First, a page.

Can my monthly Social Security benefit amount ever go down ?
Technically speaking, monthly social security benefits cannot decrease, however you may receive a check that is smaller. Ever since 1975 when social security administration adopted the automatic cost of living rate increases, monthly cost of living benefit payments have risen yearly. Recipients of social security will never see a reduction in the amount of benefits they are entitled to monthly.
What Are The Reasons For Smaller Checks?
In the year 2010, social security administration stopped the provision of cost of living increase previously give because a number of Medicare prescription drug programs deducted their premiums from their monthly social security benefits leading to the provision of smaller checks. So though social security benefits individuals are entitled to remain the same certain circumstances may cause the actual payment individuals receive to be reduced temporarily.
When Are Payment Expected To Return To Normal?
Payments or garnishments can be deducted from recipients monthly social security benefit payment, causing deceases in monthly payments but once the repayment or garnishment is satisfied, monthly payments return to expected benefit payments.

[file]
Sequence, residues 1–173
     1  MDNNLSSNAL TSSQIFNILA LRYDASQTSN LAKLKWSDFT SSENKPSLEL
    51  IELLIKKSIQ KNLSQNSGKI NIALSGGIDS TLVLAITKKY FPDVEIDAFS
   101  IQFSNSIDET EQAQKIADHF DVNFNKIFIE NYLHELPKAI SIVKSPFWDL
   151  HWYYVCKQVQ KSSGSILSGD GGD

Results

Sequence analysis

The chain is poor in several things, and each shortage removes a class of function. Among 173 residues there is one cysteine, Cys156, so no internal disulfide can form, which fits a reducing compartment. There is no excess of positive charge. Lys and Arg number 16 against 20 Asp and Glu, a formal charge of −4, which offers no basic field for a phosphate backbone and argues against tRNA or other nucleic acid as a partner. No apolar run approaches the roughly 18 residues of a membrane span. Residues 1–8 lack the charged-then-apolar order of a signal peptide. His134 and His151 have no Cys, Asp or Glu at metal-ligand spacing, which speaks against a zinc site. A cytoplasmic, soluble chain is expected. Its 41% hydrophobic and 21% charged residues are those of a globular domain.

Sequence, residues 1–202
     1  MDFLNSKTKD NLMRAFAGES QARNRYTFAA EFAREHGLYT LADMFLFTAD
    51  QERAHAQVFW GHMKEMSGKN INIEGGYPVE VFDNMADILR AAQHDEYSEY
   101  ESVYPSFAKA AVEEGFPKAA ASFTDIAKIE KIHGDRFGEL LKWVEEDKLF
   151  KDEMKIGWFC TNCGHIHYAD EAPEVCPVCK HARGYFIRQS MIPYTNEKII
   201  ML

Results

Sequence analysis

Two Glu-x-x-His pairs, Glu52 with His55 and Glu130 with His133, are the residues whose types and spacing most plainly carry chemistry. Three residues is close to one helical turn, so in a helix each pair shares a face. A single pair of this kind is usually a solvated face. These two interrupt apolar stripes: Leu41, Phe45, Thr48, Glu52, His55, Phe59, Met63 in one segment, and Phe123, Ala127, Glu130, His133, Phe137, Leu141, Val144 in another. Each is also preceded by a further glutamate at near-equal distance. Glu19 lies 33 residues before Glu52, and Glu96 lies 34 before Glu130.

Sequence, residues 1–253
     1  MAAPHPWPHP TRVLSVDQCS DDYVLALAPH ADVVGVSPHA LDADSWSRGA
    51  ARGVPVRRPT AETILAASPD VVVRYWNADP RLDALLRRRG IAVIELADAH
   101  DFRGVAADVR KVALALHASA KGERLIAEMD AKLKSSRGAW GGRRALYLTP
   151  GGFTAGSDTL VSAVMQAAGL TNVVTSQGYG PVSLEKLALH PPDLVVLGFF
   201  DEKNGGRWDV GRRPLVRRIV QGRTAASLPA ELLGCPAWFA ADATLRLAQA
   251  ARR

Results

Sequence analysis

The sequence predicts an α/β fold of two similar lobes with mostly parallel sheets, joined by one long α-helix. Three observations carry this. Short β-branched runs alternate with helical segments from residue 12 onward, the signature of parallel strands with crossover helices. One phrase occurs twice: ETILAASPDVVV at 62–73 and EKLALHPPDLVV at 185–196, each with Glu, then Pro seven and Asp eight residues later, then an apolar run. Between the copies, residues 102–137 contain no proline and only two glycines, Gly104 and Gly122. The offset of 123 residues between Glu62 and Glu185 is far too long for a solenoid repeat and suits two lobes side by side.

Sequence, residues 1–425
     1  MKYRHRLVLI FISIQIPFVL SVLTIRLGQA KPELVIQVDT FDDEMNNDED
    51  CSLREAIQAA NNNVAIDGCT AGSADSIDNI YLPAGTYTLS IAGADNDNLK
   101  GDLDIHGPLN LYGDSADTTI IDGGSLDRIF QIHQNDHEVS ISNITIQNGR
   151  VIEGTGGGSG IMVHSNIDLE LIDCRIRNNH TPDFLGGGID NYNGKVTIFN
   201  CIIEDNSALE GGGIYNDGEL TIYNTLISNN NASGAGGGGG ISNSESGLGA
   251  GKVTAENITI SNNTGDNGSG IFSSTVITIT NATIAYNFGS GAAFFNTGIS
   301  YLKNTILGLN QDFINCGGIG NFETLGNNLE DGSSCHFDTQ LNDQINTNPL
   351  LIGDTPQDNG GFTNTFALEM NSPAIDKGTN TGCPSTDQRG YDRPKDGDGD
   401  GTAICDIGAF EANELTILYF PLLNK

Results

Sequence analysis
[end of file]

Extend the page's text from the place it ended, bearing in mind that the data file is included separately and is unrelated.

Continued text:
Can Social Service Benefits Be Garnished By Other Creditors?
Monthly social security benefits are protected from garnishment, level and assignment by Section 201 within the social security Law (42 U.S.C. 407). However the five exceptions to this law are:
1. The Tax-Payer Relief Legislation of 1997 authorizes IRS to gather unsettled Federal tax debt.
2. The Debt collection Act of 1996, which allows for welfare checks to be held so as to be paid to another Federal agency.
3. Section 6334(c) of the internal revenue code, which allows for welfare checks to be levied so as to settle unpaid Federal taxes.
4. Section 3402(P) of the Internal Revenue Code, which permits beneficiaries to elect having a proportion of their dues withheld to placate the Federal income-tax liability.
5. Section 459 of the Act, which allows garnishment to enforce child support or alimony obligations.